WRs/TEs: With Tim Tebow at QB, there wasn’t a whole lot of production to go around for the Bronco WRs. That doesn’t mean they don’t have good players here, it’s just that the fantasy relevance was difficult to find. Case in point: WR Brandon Lloyd, who played in only four games with the Broncos before being traded to the Rams, finished third on the team in receiving with 19/283/0. The Broncos made the switch to Tebow at QB in the middle of Lloyd’s final game with the team, and the Broncos went to some very basic WR sets for the rest of the year, often using just one wideout on the field while running a jumbo package. These formations would free up receivers in single coverage, making an easy read for Tebow down the field. The first guy to assume the “#1” WR role here was Eric Decker, who was pretty solid between Weeks One and Nine this year. Over that span, he ranked tied for 19th at the WR position with 9.6 FPG on 33/406/6 receiving with 59 targets (55.9%). But Decker’s role was about to take a major hit. The gifted Demaryius Thomas returned from injury in Week Seven, and he slowly built up his strength and became the Broncos’ top option down the stretch. Decker’s numbers were clearly affected, finishing Weeks 10-17 with only 11/206/3 on 33 targets (33.3%), and a miserable 76th-ranked 4.1 FPG. Decker is a #2 receiver at best, in that he has good size and decent speed but he doesn’t stand out in any one area. That’s why Thomas was such a solid pairing with Tebow. While he’s battled injuries, and the Broncos have certainly been criticized for taking him over Dez Bryant, it’s important to remember that he was indeed a 1st-round pick, and he has the kind of ability to stick as a major threat for a long time. Thomas, recovering from a torn Achilles and a finger injury, debuted in Week Seven, and in 11 games he posted 31/551/4 on 67 targets (47.8%, more Tebow’s blame than Thomas’), which ranked him only 41st at the WR position. But most of that production came in the last five weeks of the season – 25/448/3 on 45 targets (55.6%), enough to rank him 10th at the WR position with 12.7 FPG. Maybe it took him time to get his feet under him, or maybe it just took him a few weeks to show the coaching staff (and Tebow) that he’s the perfect option if they’re just going to run a lot of iso sets for a receiver (ask the Pittsburgh Steelers, who got burned for 204 yards and an overtime TD in the Wild Card round of the playoffs). Although it’s somewhat a lazy comparison because both players went to Georgia Tech, Thomas did get some scouts thinking they had a lowercase Calvin Johnson on their hands, and occasionally, his play backed that up. It also helps that Thomas is running a lot of the same plays he ran at Georgia Tech, where the Yellow Jackets played an option offense that featured a lot of vertical routes for Thomas. We’ll see if a full off-season helps the Broncos expand their passing game, but Thomas – who is very physical off the line and who can run well for a bigger man - is certainly a good enough receiver to anchor this attack. Outside of Thomas and Decker, the Broncos didn’t get much of a contribution from anyone else. WR Eddie Royal went for just 19/155/1 on 48 targets (39.6%) in 12 games, and their top receiver at the TE position Daniel Fells had just 19/256/3 on 31 targets (61.3%) in all 16 games. The Bronco offense just didn’t lend itself to much production from the players on the perimeter, so we’ll have to be careful in our handling of them heading into 2012.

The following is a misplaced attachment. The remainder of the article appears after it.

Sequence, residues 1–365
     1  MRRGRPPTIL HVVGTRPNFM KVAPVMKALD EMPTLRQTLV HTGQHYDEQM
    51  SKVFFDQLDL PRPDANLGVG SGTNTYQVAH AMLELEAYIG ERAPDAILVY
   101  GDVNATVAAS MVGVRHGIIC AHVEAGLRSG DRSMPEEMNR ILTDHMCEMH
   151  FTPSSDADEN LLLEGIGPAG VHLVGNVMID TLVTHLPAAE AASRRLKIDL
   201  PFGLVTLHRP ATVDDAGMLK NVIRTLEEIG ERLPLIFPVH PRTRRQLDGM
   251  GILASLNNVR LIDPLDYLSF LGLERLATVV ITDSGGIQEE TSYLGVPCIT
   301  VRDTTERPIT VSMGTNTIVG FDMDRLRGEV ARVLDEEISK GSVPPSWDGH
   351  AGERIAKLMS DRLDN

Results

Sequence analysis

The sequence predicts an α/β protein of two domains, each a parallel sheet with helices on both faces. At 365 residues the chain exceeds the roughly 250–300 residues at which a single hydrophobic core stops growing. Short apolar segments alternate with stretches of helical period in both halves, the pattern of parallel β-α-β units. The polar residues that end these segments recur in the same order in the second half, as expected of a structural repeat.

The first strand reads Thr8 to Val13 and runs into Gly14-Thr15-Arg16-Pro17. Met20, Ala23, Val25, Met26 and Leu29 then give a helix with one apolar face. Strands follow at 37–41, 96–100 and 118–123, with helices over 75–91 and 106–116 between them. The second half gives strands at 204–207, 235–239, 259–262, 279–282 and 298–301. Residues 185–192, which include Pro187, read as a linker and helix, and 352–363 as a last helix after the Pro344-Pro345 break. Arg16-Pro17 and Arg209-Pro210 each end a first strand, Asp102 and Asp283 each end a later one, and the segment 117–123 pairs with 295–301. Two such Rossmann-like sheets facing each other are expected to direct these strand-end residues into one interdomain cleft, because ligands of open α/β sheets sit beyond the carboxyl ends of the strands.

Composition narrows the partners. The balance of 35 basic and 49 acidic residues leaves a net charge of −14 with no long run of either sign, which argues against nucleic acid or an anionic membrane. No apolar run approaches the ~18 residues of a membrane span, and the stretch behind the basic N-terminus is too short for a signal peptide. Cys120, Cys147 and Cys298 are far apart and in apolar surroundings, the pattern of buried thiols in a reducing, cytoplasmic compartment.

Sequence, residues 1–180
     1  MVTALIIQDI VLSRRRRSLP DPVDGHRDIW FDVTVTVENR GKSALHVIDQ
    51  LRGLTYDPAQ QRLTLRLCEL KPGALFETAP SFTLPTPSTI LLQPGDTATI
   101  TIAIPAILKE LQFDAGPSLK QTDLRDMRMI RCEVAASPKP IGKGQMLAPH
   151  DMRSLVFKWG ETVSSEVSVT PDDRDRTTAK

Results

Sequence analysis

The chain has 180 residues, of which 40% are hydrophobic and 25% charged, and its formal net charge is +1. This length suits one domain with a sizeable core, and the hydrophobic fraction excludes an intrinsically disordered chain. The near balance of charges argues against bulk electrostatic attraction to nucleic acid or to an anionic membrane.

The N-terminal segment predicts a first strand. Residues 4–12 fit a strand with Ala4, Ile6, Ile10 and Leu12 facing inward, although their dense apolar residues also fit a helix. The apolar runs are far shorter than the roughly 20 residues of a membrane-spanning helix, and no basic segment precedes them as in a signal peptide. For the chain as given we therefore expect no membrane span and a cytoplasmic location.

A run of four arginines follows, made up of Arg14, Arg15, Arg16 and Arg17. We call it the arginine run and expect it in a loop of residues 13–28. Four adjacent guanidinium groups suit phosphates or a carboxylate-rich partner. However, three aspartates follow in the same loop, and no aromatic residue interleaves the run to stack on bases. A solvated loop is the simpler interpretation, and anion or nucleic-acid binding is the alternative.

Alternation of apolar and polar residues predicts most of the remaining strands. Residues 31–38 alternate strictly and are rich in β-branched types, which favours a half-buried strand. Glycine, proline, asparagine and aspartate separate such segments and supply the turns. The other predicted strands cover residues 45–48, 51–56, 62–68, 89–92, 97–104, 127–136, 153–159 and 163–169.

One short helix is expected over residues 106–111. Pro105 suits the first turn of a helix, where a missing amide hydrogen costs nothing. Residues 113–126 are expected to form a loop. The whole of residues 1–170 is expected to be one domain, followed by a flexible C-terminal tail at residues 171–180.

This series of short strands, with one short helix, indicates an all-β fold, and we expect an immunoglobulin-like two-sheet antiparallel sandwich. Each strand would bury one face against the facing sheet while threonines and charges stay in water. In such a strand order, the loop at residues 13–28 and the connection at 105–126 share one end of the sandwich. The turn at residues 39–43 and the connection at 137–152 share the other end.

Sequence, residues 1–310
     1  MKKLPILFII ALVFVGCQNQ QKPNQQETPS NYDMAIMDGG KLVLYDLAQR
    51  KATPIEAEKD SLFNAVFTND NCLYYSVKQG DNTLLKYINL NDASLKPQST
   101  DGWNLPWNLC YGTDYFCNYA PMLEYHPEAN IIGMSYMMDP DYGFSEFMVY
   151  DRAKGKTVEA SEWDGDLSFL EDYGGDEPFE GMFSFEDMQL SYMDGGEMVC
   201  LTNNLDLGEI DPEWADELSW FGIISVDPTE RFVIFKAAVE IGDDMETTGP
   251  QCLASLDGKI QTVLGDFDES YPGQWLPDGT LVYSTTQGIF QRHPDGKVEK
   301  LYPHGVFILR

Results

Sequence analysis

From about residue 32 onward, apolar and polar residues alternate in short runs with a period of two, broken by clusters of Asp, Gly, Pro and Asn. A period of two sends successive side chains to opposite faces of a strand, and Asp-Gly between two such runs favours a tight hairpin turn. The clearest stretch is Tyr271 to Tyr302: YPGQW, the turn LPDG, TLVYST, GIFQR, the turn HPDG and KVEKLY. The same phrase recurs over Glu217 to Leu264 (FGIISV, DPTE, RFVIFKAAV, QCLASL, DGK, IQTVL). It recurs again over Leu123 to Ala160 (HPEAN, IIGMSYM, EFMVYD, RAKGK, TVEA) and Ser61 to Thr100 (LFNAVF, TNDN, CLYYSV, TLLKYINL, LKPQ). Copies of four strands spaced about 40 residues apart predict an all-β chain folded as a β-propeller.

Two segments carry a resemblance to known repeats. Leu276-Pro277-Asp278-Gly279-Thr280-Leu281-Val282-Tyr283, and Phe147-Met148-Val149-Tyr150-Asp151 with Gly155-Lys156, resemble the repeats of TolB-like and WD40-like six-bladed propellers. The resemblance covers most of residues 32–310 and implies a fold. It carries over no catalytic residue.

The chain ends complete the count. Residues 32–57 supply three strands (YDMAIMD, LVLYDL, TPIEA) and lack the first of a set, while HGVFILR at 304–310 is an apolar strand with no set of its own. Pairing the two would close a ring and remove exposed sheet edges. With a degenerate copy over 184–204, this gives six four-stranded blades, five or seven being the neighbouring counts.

• Fantasy situation to watch in 2012: Can more than one receiver at a time have a noteworthy fantasy performance? Will Royal, a free agent, return to the fold? With both Fells and Dante Rosario set to hit the market, will talented young TEs Julius Thomas and Virgil Green get a chance to produce?
Key Free Agents: WR Eddie Royal, TE Daniel Fells, QB Brady Quinn, TE Dante Rosario, FB Spencer Larsen, OG Russ Hochstein, DE Derrick Harvey, DT Brodrick Bunkley, LB Joe Mays, LB Wesley Woodyard, S Brian Dawkins, CB Jonathan Wilhite, K Matt Prater
Kansas City Chiefs